Customer-driven Agile software development
Written by Timo Hoogendorp – ICT lead
Why we chose this route?
Pretty early in the creation of my current team, it was obvious we have a group of people with a pretty wide selection of skillsets that could all contribute to a variety of projects on our roadmap. It was very hard to get external and internal stakeholders to agree on urgency vs. priority and timelines. Then there was the additional complexity of external deadlines and revenue. If a customer is paying, or even has paid, for something to be developed and there is a timeline, does this mean it automatically takes priority over other things that SHOULD be taking precedent? Furthermore, is the decision with the technical team, or with someone else?
Some of these projects were big/long-term projects that would mean these scarce resources would be locked into this project for up to a year. Impact for the timeline for other projects would be significant, and as a result these bigger projects were typically assigned a lower priority by the stakeholders of the operational teams. As an inevitable result, we would also see quick-win and short-term projects being picked up over more fundamental redesign projects or more ambitious new market projects.
Another observation we made, is that the requirements and specifications of projects would sometimes change as development went on. The typical project initiation document and the requirements it contained were always wanting in details. Sometimes, as we were iterating, it felt like the requester themselves weren’t really aware of what they wanted until we started ‘improving’ our initial deliverable.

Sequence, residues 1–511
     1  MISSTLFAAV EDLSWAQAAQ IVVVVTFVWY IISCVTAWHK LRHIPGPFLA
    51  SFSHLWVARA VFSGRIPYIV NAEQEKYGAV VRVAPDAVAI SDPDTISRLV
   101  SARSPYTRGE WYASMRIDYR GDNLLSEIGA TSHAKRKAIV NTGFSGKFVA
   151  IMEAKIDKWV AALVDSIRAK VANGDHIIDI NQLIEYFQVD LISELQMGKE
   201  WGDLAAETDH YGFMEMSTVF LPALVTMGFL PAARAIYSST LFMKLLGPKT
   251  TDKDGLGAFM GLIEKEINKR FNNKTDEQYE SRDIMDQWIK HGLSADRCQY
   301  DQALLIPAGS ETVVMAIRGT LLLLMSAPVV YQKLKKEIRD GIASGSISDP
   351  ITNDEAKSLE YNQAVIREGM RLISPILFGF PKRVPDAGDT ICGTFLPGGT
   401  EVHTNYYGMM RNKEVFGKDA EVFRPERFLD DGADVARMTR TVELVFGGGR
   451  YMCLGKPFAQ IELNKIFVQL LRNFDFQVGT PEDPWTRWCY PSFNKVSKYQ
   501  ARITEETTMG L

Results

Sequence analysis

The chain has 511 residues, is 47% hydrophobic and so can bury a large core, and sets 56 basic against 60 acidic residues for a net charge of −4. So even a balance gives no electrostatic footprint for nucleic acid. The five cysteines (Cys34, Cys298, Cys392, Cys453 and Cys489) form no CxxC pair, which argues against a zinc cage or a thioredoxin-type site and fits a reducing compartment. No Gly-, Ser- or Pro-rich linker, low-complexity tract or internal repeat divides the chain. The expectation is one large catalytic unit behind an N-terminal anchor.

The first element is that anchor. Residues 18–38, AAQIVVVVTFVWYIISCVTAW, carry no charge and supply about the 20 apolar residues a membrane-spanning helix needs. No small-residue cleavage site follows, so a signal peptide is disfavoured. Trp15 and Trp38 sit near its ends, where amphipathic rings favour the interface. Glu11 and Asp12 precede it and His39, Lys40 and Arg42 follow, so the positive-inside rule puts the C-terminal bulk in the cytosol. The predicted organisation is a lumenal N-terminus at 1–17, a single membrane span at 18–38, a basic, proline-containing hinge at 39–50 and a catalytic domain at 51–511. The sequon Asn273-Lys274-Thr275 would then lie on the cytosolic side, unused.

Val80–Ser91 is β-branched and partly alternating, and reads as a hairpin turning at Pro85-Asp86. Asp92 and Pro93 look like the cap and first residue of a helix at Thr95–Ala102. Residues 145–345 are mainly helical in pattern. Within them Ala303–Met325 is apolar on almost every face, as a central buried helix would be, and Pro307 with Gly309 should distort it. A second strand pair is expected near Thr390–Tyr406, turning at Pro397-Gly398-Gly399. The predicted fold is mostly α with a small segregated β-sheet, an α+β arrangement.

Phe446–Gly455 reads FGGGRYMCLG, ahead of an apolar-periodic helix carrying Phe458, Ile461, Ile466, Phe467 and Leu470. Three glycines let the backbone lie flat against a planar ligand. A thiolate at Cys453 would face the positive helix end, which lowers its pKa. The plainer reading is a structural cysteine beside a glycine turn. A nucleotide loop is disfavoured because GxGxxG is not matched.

The tangible product that was developed so far would often inspire or alert the requesters or stakeholders of what exactly we were doing and introduce certain must-haves for adoption in our operational organization, or even objections to the project entirely as it would conflict with other internal projects or processes. It would also lead to additional feature requests that ‘had’ to be part of the project. Requests which, in hindsight, should’ve been part of another project picked up in a different sprint. A typical example of unnecessary scope inflation, despite the best intentions of my colleagues.
This disconnect between the technical team and the requester, and the lack of guidance, and a pretty long feedback loop left some room for improvement. We wasted resources building things that would have to be completely rebuilt, didn’t fulfill the user’s need, or were not what the user requested or needed. Furthermore, this disconnect led to a pretty time intensive user adoption process. Typically, when the project was ‘done’, user adoption would mean some sessions to explain how the product works, where specific high-priority features and processes could be found and a nice list from the trainees/users of ‘should have and could have’ functionalities that we should ‘definitely pick up in the next sprint’. The product already felt outdated and a subject to improvement when the user started using it.